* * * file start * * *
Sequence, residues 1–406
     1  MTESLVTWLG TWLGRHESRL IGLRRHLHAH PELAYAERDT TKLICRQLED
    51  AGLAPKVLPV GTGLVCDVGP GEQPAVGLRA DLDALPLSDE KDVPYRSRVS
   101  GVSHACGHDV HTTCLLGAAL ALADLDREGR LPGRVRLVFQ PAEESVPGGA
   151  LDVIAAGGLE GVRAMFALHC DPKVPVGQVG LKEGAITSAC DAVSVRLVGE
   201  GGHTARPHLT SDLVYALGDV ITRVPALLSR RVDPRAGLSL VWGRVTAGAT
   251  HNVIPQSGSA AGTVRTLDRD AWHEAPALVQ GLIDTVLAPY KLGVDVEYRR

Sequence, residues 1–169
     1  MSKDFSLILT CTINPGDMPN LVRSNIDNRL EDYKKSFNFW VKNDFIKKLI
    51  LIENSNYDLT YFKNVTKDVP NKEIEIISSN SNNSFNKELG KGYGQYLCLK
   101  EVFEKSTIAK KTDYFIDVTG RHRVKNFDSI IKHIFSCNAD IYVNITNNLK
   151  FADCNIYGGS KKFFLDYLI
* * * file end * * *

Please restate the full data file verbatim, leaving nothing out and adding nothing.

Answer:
Sequence, residues 1–406
     1  MTESLVTWLG TWLGRHESRL IGLRRHLHAH PELAYAERDT TKLICRQLED
    51  AGLAPKVLPV GTGLVCDVGP GEQPAVGLRA DLDALPLSDE KDVPYRSRVS
   101  GVSHACGHDV HTTCLLGAAL ALADLDREGR LPGRVRLVFQ PAEESVPGGA
   151  LDVIAAGGLE GVRAMFALHC DPKVPVGQVG LKEGAITSAC DAVSVRLVGE
   201  GGHTARPHLT SDLVYALGDV ITRVPALLSR RVDPRAGLSL VWGRVTAGAT
   251  HNVIPQSGSA AGTVRTLDRD AWHEAPALVQ GLIDTVLAPY KLGVDVEYRR

Sequence, residues 1–169
     1  MSKDFSLILT CTINPGDMPN LVRSNIDNRL EDYKKSFNFW VKNDFIKKLI
    51  LIENSNYDLT YFKNVTKDVP NKEIEIISSN SNNSFNKELG KGYGQYLCLK
   101  EVFEKSTIAK KTDYFIDVTG RHRVKNFDSI IKHIFSCNAD IYVNITNNLK
   151  FADCNIYGGS KKFFLDYLI